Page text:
Dr. Chris Rich was relentlessly dedicated to assuring top-quality care for injured student-athletes at Northwestern State and throughout central Louisiana.
Saturday in his adopted hometown of Alexandria, the man who served NSU Athletics for well over two decades will be laid to rest after a courageous fight with liver cancer.
Visitation is 10 a.m. until the 1 p.m. funeral at Calvary Baptist Church on Jackson Street, under the direction of John Kramer & Son Funeral Home.
Dr. Rich, 62, passed away at home last Saturday surrounded by his family: his wife Vickie, their three children, Jeffrey, Margaret and Stacie, and more loved ones.
He served as NSU’s director of sports medicine and head team physician from 1990-2010, and remained involved in sports medicine care for Northwestern athletes for several more years.
Last October, he was presented the Distinguished Service Award from NSU Athletics at the annual N-Club Hall of Fame induction ceremony, and though physically diminished by his illness, delivered a heartfelt set of remarks about his service to NSU and his profession.
“Number one is our priority, from my perspective, was always to be an advocate for the athlete. We did our work and had a huge group of consulting physicians. It was an enjoyable time for me.
“We had some remarkable results, a 99 percent return rate to sport (competition) for athletes we did surgery on. We did everything we could to facilitate improving sports medicine care,” he said.
Dr. Rich formed a close bond with NSU head athletic trainer Ed Evans, and the two worked shoulder-to-shoulder for 22 years.
“The rewarding part, across the board, are the relationships you build with players and coaches, and working with the athletic training staff,” said Dr. Rich. “My good friend Ed Evans, who became a fixture here, all the way through his student athletic trainers here as undergrads, we were able to instill a philosophy that they were here for the athletes and nothing else.
“Ed and I immediately discussed philosophies, and I knew where he stood from the get-go. From the outset, we made a good team. I considered him my mentor, I considered him my peer. He taught me as much about collegiate athletics as any of my training. Our relationship has been as rewarding a thing as I can think of.”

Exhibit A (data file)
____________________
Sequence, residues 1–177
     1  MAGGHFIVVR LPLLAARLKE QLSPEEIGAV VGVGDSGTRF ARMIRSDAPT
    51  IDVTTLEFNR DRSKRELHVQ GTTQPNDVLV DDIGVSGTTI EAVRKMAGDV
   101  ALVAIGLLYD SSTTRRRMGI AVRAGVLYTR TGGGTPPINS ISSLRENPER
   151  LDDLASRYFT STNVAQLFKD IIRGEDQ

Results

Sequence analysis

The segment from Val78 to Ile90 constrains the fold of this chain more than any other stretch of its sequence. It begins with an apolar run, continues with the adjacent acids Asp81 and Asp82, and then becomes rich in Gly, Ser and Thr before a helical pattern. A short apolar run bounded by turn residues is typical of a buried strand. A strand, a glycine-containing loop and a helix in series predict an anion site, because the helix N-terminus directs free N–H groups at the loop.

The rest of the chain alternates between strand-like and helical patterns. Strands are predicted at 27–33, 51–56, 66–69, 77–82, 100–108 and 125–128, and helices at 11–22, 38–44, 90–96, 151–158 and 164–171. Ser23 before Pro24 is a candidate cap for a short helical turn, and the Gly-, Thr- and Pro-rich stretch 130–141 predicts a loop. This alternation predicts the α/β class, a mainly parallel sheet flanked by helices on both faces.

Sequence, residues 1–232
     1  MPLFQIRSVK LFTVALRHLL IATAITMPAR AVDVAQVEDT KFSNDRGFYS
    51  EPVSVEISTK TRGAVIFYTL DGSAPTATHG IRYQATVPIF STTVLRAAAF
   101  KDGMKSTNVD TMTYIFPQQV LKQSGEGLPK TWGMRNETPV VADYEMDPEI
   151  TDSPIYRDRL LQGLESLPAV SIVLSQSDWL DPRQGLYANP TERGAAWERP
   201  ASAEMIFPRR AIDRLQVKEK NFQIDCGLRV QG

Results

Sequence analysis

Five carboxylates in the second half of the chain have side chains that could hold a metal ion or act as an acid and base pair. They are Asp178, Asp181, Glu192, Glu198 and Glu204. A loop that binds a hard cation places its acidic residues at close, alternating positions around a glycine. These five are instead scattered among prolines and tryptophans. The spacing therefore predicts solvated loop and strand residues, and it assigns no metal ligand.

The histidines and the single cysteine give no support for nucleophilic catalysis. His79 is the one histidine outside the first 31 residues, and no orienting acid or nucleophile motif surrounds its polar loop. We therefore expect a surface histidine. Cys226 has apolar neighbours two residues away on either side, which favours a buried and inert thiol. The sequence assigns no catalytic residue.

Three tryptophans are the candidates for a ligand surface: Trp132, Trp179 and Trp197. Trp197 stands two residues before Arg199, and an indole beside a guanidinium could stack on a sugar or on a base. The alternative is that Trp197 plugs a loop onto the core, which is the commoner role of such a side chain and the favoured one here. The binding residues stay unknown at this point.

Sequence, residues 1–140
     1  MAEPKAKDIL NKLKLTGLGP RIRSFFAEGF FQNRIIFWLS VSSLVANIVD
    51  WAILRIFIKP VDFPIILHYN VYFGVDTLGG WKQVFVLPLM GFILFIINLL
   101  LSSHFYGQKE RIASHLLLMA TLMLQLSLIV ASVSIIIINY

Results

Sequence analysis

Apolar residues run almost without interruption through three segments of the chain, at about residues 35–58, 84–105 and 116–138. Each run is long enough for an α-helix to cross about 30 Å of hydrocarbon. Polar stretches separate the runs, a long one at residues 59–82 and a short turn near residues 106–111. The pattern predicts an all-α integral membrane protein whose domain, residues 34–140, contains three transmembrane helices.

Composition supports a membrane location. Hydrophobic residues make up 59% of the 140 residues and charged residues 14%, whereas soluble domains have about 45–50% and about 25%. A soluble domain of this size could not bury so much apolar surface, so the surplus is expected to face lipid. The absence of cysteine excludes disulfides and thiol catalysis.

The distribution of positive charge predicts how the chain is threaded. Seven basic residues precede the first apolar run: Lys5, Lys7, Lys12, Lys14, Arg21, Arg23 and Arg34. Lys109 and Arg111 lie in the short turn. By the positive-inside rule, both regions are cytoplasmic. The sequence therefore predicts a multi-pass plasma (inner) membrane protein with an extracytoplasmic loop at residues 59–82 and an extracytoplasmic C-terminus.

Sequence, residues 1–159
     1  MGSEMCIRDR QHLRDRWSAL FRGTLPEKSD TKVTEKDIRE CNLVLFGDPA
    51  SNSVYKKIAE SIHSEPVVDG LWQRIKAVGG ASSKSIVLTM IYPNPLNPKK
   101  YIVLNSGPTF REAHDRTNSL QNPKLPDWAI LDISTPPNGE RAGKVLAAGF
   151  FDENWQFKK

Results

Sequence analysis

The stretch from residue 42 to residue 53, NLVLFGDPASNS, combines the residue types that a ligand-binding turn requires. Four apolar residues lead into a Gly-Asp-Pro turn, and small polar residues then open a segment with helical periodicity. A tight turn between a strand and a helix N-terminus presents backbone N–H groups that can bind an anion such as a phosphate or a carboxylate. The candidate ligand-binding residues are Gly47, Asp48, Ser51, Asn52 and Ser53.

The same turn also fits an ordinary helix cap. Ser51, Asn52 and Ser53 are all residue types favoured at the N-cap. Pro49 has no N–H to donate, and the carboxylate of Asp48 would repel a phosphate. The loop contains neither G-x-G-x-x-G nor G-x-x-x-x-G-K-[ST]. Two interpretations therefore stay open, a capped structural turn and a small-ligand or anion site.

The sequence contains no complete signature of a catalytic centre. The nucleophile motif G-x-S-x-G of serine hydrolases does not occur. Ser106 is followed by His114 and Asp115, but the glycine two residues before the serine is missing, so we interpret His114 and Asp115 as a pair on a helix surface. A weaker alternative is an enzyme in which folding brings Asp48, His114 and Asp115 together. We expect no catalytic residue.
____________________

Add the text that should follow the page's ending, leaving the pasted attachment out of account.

Evans retired in 2012 and his assistant, Jason Drury, was promoted to replace him. Drury initially settled in Natchitoches working for Mid-State Orthopaedic & Sports Medicine Center, the Alexandria-based sports medicine firm Dr. Rich developed to serve central Louisiana.
“Dr. Rich and Ed gave me such great guidance. Working for Dr. Rich was a wonderful experience. He made sure you understood the best interests of the athlete always came first and foremost. I was lucky to have him as one of my mentors,” said Drury.
Rich, a native of San Antonio, was a three-year football letterman as an offensive lineman at LSU from 1976-78, part of the Tigers’ fabled “Root Hogs” group that helped College Football Hall of Fame running back Charles Alexander set numerous school and Southeastern Conference records. Rich was a two-time Academic All-SEC selection in 1977-78.
From 1988-2011, Dr. Rich was managing partner of Mid-State Orthopaedic. In 1990, he became NSU Athletics’ Director of Sports Medicine and Head Team Physician, a role he handled through 2010.
More recently, he served in a voluntary consulting role with NSU team physicians, the sports medicine staff and the Demons’ athletic administration, monitoring medical and health-related issues which have become impactful in intercollegiate athletics.
Dr. Rich also played a key role in promoting best practices and evidence-based medicine, as well as stewardship of financial resources related to medical care for NSU Athletics.
Under his leadership, Mid-State Orthopaedic launched an annual program providing physical exams for area high school football teams. Last year, Mid-State renamed the event in his honor as “Chris Rich High School Physical Day.”
“That’s a big part of his legacy. Dr. Rich was determined to assure that every high school football team in central Louisiana could get the proper preseason screening for its athletes,” said Drury.
His practice specialized in sports medicine, arthroscopy of the knee and shoulder, and knee reconstruction. During his tenure as the chief physician for NSU Athletics, over 500 student-athletes sustained an injury requiring surgery, with an incredible rate of return to competition of 99 percent.
During his career with Mid-State, the firm was twice (2004, 2007) designated as the top firm in Louisiana for orthopaedics by HealthGrades, the “Healthcare Quality Experts.”
Dr. Rich was inducted in the Louisiana Athletic Trainers Hall of Fame in 2005, and in 2013 received the Outstanding Leadership Award from the Louisiana Orthopaedic Association.
The family requests that memorial gifts be made to the Christopher Rich Scholar Athlete Foundation in care of Red River Bank, Attention: Ann B. Silver, 1412 Centre Court Drive, Suite 101, Alexandria, LA 71301. Online condolences can be made through the KramerFunerals.com website.